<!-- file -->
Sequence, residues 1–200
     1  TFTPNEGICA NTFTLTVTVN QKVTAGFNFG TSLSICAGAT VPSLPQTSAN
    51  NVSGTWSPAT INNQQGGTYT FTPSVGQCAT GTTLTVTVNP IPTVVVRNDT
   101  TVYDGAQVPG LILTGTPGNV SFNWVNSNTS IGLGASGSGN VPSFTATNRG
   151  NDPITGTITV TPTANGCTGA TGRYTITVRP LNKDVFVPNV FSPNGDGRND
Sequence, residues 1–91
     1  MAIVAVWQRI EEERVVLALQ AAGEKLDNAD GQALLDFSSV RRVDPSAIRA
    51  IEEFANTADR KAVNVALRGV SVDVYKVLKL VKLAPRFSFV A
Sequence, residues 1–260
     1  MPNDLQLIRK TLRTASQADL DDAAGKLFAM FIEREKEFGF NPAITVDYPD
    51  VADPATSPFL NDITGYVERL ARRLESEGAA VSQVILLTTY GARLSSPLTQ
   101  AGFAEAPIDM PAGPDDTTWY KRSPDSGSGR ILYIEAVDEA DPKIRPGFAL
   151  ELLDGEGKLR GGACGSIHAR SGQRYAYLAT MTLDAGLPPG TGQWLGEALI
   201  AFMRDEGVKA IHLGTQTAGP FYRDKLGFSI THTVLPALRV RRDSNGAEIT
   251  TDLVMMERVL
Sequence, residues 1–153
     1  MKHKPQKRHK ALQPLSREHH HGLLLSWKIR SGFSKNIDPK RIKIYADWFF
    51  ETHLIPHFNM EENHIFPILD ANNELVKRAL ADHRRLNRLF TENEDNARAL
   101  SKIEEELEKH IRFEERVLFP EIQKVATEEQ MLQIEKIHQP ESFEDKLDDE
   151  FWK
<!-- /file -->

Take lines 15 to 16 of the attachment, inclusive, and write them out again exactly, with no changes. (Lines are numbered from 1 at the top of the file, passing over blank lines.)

   251  TDLVMMERVL
Sequence, residues 1–153